By Dr Oliver Tearle
Where does the term ‘thought police’ come from? If you’re tempted to answer, ‘George Orwell’s Nineteen Eighty-Four’, read on. In fact, read on anyway, because the answer may surprise you. Although Orwell popularised the phrase thought police in his classic dystopian novel, he was not the first person to use it.
Indeed, to locate the origins of thought police we need to go back to before Nineteen Eighty-Four – or before 1949, when that novel was published – and travel to a different country altogether.
But let’s start with Orwell, because he was undoubtedly the one who popularised the term in English-speaking countries.
George Orwell (1903-50), born Eric Arthur Blair, was one of the most remarkable writers of the first half of the twentieth century. As well as being one of the finest essayists the English language has ever known, he was also a novelist, and his last two novels, Animal Farm and Nineteen Eighty-Four, remain popular and widely studied in schools and universities.
Orwell’s last novel before his untimely death from tuberculosis was Nineteen Eighty-Four, completed in 1948 and published a year later. The novel is a classic example of dystopian fiction.
It’s easy enough to summarise the premise for the novel. In the year 1984, Britain has been renamed Airstrip One and is a province of Oceania, a vast totalitarian superstate ruled by ‘the Party’, whose politics are described as Ingsoc (‘English Socialism’).
Big Brother is the leader of the Party, which keeps its citizens in a perpetual state of fear and submission through a variety of means. The novel, then, is about totalitarianism, and about the dangers of a one-party state where democracy, freedom of movement, freedom of speech, and even freedom of thought are all outlawed.
The novel’s protagonist is Winston Smith, whom we meet at the beginning of the novel. And we don’t have to read more than a couple of pages into Nineteen Eighty-Four before we learn about the Thought Police:
Behind Winston’s back the voice from the telescreen was still babbling away about pig-iron and the overfulfilment of the Ninth Three-Year Plan. The telescreen received and transmitted simultaneously. Any sound that Winston made, above the level of a very low whisper, would be picked up by it, moreover, so long as he remained within the field of vision which the metal plaque commanded, he could be seen as well as heard. There was of course no way of knowing whether you were being watched at any given moment. How often, or on what system, the Thought Police plugged in on any individual wire was guesswork. It was even conceivable that they watched everybody all the time. But at any rate they could plug in your wire whenever they wanted to. You had to live – did live, from habit that became instinct – in the assumption that every sound you made was overheard, and, except in darkness, every movement scrutinized.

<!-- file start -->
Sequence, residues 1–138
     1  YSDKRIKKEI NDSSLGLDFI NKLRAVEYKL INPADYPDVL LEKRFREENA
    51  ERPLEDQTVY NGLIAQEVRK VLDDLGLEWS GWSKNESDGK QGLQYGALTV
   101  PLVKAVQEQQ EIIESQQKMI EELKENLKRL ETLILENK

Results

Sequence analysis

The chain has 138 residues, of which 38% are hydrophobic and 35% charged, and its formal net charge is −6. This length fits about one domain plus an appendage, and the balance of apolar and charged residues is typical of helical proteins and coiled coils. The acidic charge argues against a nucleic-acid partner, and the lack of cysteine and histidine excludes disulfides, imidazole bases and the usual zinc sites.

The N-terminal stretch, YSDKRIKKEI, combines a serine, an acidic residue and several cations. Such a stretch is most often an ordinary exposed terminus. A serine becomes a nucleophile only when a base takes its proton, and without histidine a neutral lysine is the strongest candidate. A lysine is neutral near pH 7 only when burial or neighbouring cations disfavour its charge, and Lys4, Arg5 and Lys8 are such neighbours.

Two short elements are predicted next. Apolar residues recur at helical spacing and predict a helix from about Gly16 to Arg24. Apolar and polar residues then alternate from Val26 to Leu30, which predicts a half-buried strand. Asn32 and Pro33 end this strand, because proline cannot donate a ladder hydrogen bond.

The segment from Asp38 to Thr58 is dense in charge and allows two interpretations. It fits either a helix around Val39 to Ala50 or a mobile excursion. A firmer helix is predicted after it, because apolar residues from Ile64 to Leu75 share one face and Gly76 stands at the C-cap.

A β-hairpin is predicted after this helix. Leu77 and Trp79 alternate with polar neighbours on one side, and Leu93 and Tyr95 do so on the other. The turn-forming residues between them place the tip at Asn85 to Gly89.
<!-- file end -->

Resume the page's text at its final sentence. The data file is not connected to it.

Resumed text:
The Thought Police, then, represents state surveillance over its citizens, with everything they say, and everything they do, potentially monitored and picked up by their surveillance systems. You don’t even have to commit a crime to attract the suspicion of the authorities: even doing something which suggests you are thinking dangerous thoughts is enough to get a knock on the door from the Thought Police.
This takes the idea of curtailments on freedom of speech one stage further. If you say something suspicious, or which might be regarded as suspicious, you might be investigated by the police. But what if you didn’t even say anything, but merely did something which made the authorities think you were thinking inappropriate, seditious, or politically questionable thoughts?
But as we began this article by observing, the term thought police did not originate with Orwell’s novel. The Oxford English Dictionary (OED) lists not one but four citations which predate Orwell.
Two are from 1934, some fifteen years before Nineteen Eighty-Four appeared on bookstands. In his book Challenge: Behind the Face of Japan, Upton Close wrote: ‘An entire picnic party of intellectuals was taken up on the beach by dangerous-thoughts-police.’
And in the same year, the Billings Gazette, a local newspaper serving the town of Billings in Montana, US, used the term on 7 October 1934: ‘The change is to be credited not to the “thought police”, but to the approaching emergency.’ Two further citations are given by the OED, from 1938 and 1945, the latter of which is in reference to the imperial Japanese regime, rather than Stalinist Communism.
Indeed, as the OED also observes for the etymology of thought crime, the term was formed in imitation of the Japanese shisō-keisatsu, which literally translates as ‘thought police’ and which was coined in 1930.
Orwell certainly did the most to popularise this new phrase among English-speaking readers, but it was Japan, and the Japanese language, which truly originated it.